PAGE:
Though Hart's departure was not completely responsible for the WWF's resurgence in popularity in the late 1990s, it did set in motion a chain reaction of events that spurred it. Almost prophetically, little hints of the WWF's rise are interspersed throughout the film. We see Steve Austin, Vince Russo, Shawn Michaels and Vince McMahon, all key players in taking the WWF to new heights in popularity after Hart left. At the end of the film, we get the feeling that the events transpired had set into motion something new. As is turns out, those things didn't just happen to Bret Hart, they happened to the entire professional wrestling world.
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Fascinating look at the Hart of pro-wrestling!
andy-22731 August 1999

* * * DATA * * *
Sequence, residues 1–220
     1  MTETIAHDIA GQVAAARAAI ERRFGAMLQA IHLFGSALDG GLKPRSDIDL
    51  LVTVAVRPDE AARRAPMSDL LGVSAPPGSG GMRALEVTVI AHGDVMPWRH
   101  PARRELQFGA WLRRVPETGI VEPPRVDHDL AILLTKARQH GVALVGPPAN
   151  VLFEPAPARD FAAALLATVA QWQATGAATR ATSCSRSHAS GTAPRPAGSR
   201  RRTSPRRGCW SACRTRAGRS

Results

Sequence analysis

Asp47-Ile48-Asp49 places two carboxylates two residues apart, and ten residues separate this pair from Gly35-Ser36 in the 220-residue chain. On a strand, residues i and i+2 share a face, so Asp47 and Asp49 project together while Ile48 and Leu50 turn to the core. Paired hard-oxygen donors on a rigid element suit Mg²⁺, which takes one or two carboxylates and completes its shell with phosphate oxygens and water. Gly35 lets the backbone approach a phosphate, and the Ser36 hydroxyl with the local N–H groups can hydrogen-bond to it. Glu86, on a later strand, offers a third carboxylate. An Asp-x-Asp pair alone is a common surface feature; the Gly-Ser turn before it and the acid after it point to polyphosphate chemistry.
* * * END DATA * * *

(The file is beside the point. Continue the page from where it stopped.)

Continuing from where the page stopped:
How far are you willing to go? How deep can you go into the world of pro-wrestling, and the life of pro-wrestler Bret "The Hitman" Hart? This is it! This film will take on a journey closer to the life of Bret Hart, and closer to the life of a pro-wrestler. Wrestling is fake, yes. But what's it like behind the stage, where the stories are created, and the matches are planned? And what transpired during the time in which Vince McMahon planned his betrayal of Bret Hart? You won't see anything quite like this for a long time! "Hitman Hart: Wrestling with Shadows" documents Bret's life from his childhood to his relationship with his father, his family, and his relationship with Vince McMahon and the World Wrestling Federation. It's never boring, and me, being a former pro-wrestling fan, I came to appreciate what tasks the wrestlers had to undertake. I also strongly agree with a lot of what Bret says in the film, that pro-wrestling has become bloodier, raunchier, and more inappropriate for children than anything, simply for the sake of ratings. You come to feel sympathy for Bret, knowing the hardships a pro-wrestling really does have to deal with. It's also tragic to know that soon after this film was made, his brother Owen Hart was killed in a stunt at the WWF. Vince McMahon has indeed, gone too far for the sake of beating Ted Turner's WCW ratings. I highly recommend this film for someone who likes pro-wrestling and wrestler Bret Hart. If you don't like wrestling, this film will make you come to feel respect for the man, and the people involved in the wrestling business